In 1927, they moved the winter home for the circus to Sarasota, an enormous economic boom to the city. They bought a estate on the water and built an ornate 32-room home they called Ca’d’zan (Venetian for ‘house of John’). They also erected a pink Italianate building reminiscent of a Renaissance palazzo to house their extensive art collection (including many works by Peter Paul Rubens, Poussin and Van Dyck) as well as the Astor’s music and dining rooms when their NYC mansion was torn down.

A picture of Ca’d’zan, the private home of John and Mable Ringling before they gifted it to the State of Florida.

When John Ringling died in 1936, he continued his record of philanthropy to Sarasota by gifting the 66-acre estate and everything in it to the city.

Bread and Circuses.

The term ‘Bread and Circuses’ is attributed to Juvenal, a Roman poet active in the late first and early second century AD. People allow themselves to be diverted from important matters, he argued, when given opiates like bread and circus juggling acts to keep them appeased and docile.

Humankind sitting in superior judgement of others is nothing new.

The reality is bread is tasty, and circuses are fun. And popularity carries its own legitimacy. Our 20th century sensibilities recognize the human and animal rights abuses that happened in early circuses, and we should be thankful to the activism that cleaned them up. 

At the same time, circus provided a home and sense of family to tens of thousands of performers over the years. It helped ordinary people survive a civil war, two world wars and a great depression, among other world events.

In truth, I’d never thought too closely about circuses before I visited Sarasota and Anna Maria Island. I’d gone once or twice as a child; and as an adult, I often buy tickets to the human circuses programmed into the Edinburgh Fringe Festival. The storytelling artistry and breath-taking physical skills are second to none, and I enjoy them as I would any other kind of physical theatre. 

It can sometimes seem these days that we live in a puritanical age where holding a strong or overwhelming opinion somehow equates to objective truth, and thus can never be legitimately questioned. We’ve also seen a distressing return of book-banning and blacklisting, often under the guise of ‘community standards’ or ‘community accountability.’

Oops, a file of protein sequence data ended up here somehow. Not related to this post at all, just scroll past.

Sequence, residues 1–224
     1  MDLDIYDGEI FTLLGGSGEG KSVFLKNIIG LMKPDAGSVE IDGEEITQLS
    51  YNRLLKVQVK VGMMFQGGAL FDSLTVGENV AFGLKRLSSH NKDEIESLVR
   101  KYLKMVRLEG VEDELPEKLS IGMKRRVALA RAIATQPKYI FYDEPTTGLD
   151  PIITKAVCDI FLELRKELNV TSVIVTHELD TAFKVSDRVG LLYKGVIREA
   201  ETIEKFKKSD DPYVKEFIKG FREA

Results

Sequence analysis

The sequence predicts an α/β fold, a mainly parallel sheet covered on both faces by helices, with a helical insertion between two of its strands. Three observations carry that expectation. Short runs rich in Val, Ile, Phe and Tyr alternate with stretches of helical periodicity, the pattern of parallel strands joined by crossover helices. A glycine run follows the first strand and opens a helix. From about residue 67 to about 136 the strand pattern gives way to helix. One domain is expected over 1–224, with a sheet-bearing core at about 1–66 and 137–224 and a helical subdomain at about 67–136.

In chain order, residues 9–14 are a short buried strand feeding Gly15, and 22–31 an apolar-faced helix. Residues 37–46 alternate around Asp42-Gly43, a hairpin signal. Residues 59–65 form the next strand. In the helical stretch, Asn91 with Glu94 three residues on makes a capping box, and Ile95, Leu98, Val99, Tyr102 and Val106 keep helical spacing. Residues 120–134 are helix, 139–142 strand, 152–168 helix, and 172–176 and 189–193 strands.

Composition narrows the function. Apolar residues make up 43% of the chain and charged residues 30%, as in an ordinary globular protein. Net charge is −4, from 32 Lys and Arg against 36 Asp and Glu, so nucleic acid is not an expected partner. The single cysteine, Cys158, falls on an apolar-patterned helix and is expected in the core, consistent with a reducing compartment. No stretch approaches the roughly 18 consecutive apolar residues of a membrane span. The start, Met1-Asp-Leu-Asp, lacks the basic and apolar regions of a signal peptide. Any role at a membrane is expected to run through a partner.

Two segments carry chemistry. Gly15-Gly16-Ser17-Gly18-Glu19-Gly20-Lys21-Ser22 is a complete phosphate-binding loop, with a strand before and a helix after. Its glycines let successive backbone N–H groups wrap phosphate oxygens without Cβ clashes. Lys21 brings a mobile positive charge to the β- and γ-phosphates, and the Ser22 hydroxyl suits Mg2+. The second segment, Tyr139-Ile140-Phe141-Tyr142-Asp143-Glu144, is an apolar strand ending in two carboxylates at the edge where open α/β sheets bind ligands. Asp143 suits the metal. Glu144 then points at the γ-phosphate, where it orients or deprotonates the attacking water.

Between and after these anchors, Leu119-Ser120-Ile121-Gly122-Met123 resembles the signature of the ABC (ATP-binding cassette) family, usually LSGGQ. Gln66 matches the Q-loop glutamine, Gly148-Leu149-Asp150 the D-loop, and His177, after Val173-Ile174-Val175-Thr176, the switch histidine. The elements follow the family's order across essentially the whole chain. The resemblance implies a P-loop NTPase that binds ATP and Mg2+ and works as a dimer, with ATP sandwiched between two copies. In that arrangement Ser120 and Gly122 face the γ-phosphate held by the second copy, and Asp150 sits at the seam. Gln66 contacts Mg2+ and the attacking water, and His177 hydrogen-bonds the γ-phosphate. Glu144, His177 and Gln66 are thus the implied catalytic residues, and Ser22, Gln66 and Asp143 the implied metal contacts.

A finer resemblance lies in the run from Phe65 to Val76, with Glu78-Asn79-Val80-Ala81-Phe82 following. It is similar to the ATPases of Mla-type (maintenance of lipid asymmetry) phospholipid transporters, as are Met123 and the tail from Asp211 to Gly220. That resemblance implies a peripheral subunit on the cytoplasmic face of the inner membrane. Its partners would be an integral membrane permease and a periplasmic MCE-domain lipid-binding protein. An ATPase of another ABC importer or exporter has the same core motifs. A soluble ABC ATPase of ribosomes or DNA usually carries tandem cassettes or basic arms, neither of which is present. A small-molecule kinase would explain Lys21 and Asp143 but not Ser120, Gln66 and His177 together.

Everywhere, and in everyone, there is more than meets the initial gaze. Contradictions and dichotomies; the weird and the wacky, the silly and the profound. Thank goodness, yes? To dismiss complexity in favour of rigidity is one reason for this war-torn, challenged world of ours.

Humans differentiate from other species due to our capacity for nested scenario building, which allows us to imagine several alternative situations and embed them into a larger narrative of connected events. And because we have an urge to connect, to exchange thoughts with others, to achieve more together than we can apart.

So here’s to more bread (preferably whole-grain!) and a circus of riotous and contradictory opinion through which we may challenge each other and grow.

Circus Films.

Cecil B DeMille’s 1952 classicThe Greatest Show on Earth, won the Oscar for Best Picture. It starred Charlton Heston, Jimmy Stewart and Dorothy Lamour, along with the real Ringling Bros and Barnum and Bailey’s circus troupe of 1,400 people, hundreds of animals and 50 railroad cars of equipment and tents. The film premiered in Sarasota, at what is now the Sarasota Opera House.

It was the first movie Steven Spielberg ever saw; he credits it as a major inspiration for his film career. The movie got its fair share of criticism, especially winning the Oscar against such films as High NoonThe Quiet Man, and Ivanhoe.

Some argue it won because of the McCarthyite political climate in Hollywood at the time; DeMille was a Republican while the producer of High Noon would soon find himself on the blacklist, as would one of the Ivanhoe writers. Others argued it was the last chance for DeMille to win a competitive Oscar, given his best work had been done in the silent film era. Either way, controversy surrounding the Oscars’ nomination list continues.

Another circus film was the 2017 The Greatest Showman starring Hugh Jackman, Zac Efron, Michelle Williams, Rebecca Ferguson, and Zendaya based on the life story of P.T. Barnum. That film gained a cult following, bofo box office, and nominations and wins at the Golden Globes and Oscars.

Reading South Florida.

The wild and weird of Florida permeates every Carl Hiassen book, along with side-splitting humour, eccentric characters and pointed messages about environmentalism, political corruption and over development. 

I also highly recommend The Orchid Thief by Susan Orelan, based on her two-year investigation of the arrest of plant dealer John Laroche and a group from the Seminole First Nation for poaching rare orchids in the Fakahatchee Strange State Preserve. Then there’s the strange and wonderful Charlie Kaufman film, Adaptation, where Nicholas Cage plays a fictionalized Kaufman trying to adapt Orlean’s book.

As mentioned above, author John D MacDonald (Travis McGee series) lived on Siesta Key and used local places liberally in his work. Carl Hiaasen says of MacDonald that he was “the first modern writer to nail Florida dead-center, to capture all its languid sleaze, racy sense of promise and breath-grabbing beauty.”

Crime writer Ed McBain lived in Sarasota for many years and set his Matthew Hope series is his adopted city, as did Stuart Kaminsky with his Lew Fonesca books.

And Stephen King – possibly Sarasota’s most famous resident, albeit very private – wrote about a fictionalized version of Casey Key, where he now lives part-time. He first came to Florida to recover from a near fatal accident that left him addicted to painkillers, an experience which clearly influences the novel.

Bye for now. Thank you for joining me for this twenty-sixth edition of Letterbox.

In Defence of Bread and Circuses